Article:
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Laser Grid (Or Other Localization System)

Marked One

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Hello All!

I am working on a scanning experiment, and had a question about using lasers to find the location of the specimen inside the scanning head. I was planning to use two lasers, which would project a laser grid onto both sides of the sample, from both sides of the main optical train:
____________
|->SAMPLE<-|

I would wish to visualize this grid with two webcams, which could then track relative specimen position to scanner rotation and elevation.

First question: is this idea valid? Is there some easier way to find irregular specimens to milimeter (or less) precision with similar cost (as opposed to simply using a LEAP motion?)

Second question: how would one make this grid, which will ideally be regular and in the range of millimeters? Would shining a line laser through a diffraction grating produce this effect, or would I have to use some sort of XY scanning galvanometer arrangement piped through a fiber?

Any ideas would be much appreciated!

Kind Regards,
Ivan Kozlov
 

Bionic-Badger

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If you've only got two axises, and the specimen doesn't move during scanning, you might be better off attaching a laser/detector pair on a carriage/rail and scanning across the surface of the area you're detecting. Then when your laser beam is interrupted, you record the position. You'd do that for each axis. It could look like this:



A grid could work, but you'd need a whole lot of lasers and detectors. Getting all of them set up, especially at millimeter spacing, would pretty difficult and require a lot of wiring. You'd probably be better off just using the webcam and some image processing methods to detect where the object is. You could even just use the laser to light up the location of the object to make it easier for the camera to pick up.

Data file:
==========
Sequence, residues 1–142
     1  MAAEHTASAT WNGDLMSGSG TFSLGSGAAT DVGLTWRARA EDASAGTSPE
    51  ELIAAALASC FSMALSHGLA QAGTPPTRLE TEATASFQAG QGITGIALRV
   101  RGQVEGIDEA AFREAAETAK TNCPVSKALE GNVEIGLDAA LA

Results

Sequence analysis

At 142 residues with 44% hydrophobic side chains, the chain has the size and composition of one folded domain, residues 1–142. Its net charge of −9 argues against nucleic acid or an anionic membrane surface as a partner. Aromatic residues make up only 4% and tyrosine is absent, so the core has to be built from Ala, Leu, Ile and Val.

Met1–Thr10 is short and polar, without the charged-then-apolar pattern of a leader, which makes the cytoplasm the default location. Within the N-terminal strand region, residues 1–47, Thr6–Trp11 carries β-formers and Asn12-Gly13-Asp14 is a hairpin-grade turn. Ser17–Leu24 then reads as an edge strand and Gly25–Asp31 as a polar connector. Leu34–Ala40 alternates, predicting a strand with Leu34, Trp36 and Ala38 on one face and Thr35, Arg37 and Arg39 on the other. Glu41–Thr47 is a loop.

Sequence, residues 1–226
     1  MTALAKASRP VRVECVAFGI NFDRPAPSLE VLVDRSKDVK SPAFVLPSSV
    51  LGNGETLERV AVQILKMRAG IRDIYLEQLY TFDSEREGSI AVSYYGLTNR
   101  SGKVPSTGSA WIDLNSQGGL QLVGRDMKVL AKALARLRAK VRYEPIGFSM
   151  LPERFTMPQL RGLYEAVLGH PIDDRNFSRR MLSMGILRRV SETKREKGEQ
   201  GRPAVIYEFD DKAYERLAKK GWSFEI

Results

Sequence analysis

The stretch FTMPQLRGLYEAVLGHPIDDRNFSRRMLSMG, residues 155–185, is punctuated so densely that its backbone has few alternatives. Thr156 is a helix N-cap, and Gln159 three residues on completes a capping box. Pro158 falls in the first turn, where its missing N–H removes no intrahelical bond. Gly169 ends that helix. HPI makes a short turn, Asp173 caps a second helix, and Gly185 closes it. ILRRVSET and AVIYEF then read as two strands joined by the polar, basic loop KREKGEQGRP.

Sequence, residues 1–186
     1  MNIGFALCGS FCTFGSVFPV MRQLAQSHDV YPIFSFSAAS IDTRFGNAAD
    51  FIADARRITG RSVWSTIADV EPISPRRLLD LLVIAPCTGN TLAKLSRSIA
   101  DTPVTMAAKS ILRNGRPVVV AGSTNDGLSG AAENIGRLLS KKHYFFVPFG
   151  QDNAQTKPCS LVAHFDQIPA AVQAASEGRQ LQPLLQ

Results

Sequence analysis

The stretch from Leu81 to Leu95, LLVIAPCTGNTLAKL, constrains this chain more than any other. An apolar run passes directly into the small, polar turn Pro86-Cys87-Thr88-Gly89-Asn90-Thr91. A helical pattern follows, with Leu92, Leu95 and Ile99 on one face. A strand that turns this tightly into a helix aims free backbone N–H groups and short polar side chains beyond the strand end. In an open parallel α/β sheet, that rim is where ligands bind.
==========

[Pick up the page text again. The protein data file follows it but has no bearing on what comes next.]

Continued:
You could also look into software that does something like what you're requiring, such as David Laserscan which kind of does what you want. It costs money, but might do what you need and may be covered by a research grant or whatever you're using to fund this.
 

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Marked One

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Thank you!

The first idea would certainly work on a stationary object, but unfortunately since the scanner could be used on living specimens we will need some sort of way to constantly keep track of the position of the specimen (This is going to be compounded by the fact that we will be scanning neural tissue for activation patterns).

I was thinking of perhaps using a laser cross to provide suitable contrast, and then training a simple AI/IR Engine to recognize continuous regions of motion and track them?

On a side note, what would be the effect of shining a laser line or cross through a simple diffraction grating? Am I correct in thinking that the latter would produce a distorted grid?

Thank you for the website!
 
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Bionic-Badger

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Assuming your environment doesn't change, I'd just use a camera and image processing. That way you're not disturbing the environment with the laser lights. You can use a temporal difference filter to determine what has changed frame-to-frame.

It doesn't seem as glamorous as using a laser grid, but you'll probably get a lot more accuracy out of the camera method. You could even use a light at an angle to increase shadow contrast. If your specimen reflects certain colors, you could filter out the background too with a filter on the lens. With digital (web) cameras able to film at full speed in 1920x1080 resolution, that is more than enough to film at 1mm resolution for a < 1x1m^2 region. It'd really be a the way to go, and a good way to learn how to use image processing techniques.

A diffraction grating probably won't help much either. It may project some dots on the ground, but unless your subject can really deflect those dots in such a way that it is easy to detect, you might as well just detect it directly with a camera and lights. A distorted grid would actually be a pain to have to interpret using a sensor too.
 




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